“With the Port of Savannah emerging as one of the largest ports in the country and Atlanta’s Hartsfield-Jackson Airport’s prominence in air cargo, Georgia is home to many major distribution centers and trucking terminals,” said Ron Shiffler, dean of the College of Business Administration at Georgia Southern University. “Logistics is a critical function in the business economy and is expected to add more than 500,000 jobs during the next decade.”

“Employment opportunities for graduates in this field are abundant and in high-demand. Nationally, only a limited number of universities offer such a degree. In fact, existing doctoral programs are unable to supply enough graduates to meet current demand not to mention future expected growth,” said Jerry Wilson, chair and professor of logistics and marketing. “This program will provide a pathway for today’s professionals to teach future logistics students. In addition, those entering industry will be prepared to act as consultants and analysts helping develop Georgia’s preparedness to enhance the logistics and transportation industry.”

The College of Business Administration, which will offer the new degree, is recognized as one of the Best 296 Business Schools by Princeton Review.

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Thursday, August 13, 2009

Regents Approve FY11 Budget Request, FY10 Reduction Plans

The Board of Regents yesterday approved the Fiscal Year (FY) 2011 budget request for the University System of Georgia (USG) that includes dollars to support new students as well as the regents’ strategic thrust to expand medical education. The budget request totals $2.2 billion, a 6.8 percent increase, or $140.7 million, over the original FY 2010 base budget of $2.08 billion. Separately from the request for new dollars, the board also took action to approve measures to meet ongoing budget reductions, including employee furloughs and changes to employee health benefit plans.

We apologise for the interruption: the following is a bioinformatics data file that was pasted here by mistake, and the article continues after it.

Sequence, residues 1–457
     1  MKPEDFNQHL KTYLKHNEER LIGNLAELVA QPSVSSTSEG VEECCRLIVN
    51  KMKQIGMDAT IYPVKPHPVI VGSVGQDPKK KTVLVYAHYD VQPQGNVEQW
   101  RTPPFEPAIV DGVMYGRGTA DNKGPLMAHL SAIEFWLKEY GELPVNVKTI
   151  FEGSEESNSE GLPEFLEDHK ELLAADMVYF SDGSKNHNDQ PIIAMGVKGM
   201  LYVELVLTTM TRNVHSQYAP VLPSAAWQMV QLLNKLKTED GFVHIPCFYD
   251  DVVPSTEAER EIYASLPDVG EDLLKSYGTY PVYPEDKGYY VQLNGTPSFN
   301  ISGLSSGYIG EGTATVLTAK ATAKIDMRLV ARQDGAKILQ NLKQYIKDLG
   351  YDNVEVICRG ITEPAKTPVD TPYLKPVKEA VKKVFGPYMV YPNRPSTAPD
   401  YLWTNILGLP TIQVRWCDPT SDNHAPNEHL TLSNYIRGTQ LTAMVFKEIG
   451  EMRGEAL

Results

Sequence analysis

The regents also approved a FY11 capital budget request of $275.6 million, which includes $19.7 million in equipment for six new facilities, $6.5 million in infrastructure needs for two facilities, $157.9 million in new construction or renovation for 10 projects designed and ready to be built, $68.9 million in both design and construction funds for seven projects, and $22.6 million for the design only of 11 projects.

The capital request also includes $75 million in funds for major repair and rehabilitation of existing System facilities.

“We are working to serve a significant and ongoing increase in student enrollment with a financial resource base that is certainly not keeping up with the growth in our student population,” said Chancellor Erroll B. Davis Jr. “Our challenge is premised on the fact that Georgia will need all of the college graduates we can produce – and more. Georgia will need everyone it can find with the education to move this state forward and continue its economic vitality and growth.”

The board’s approval of changes in employee health benefit programs and mandatory employee furloughs were necessary, according to USG officials, to help meet a five percent withholding by the Governor’s Office of Planning and Budget (OPB) of the System’s FY10 state cash allotments, which totals $115 million.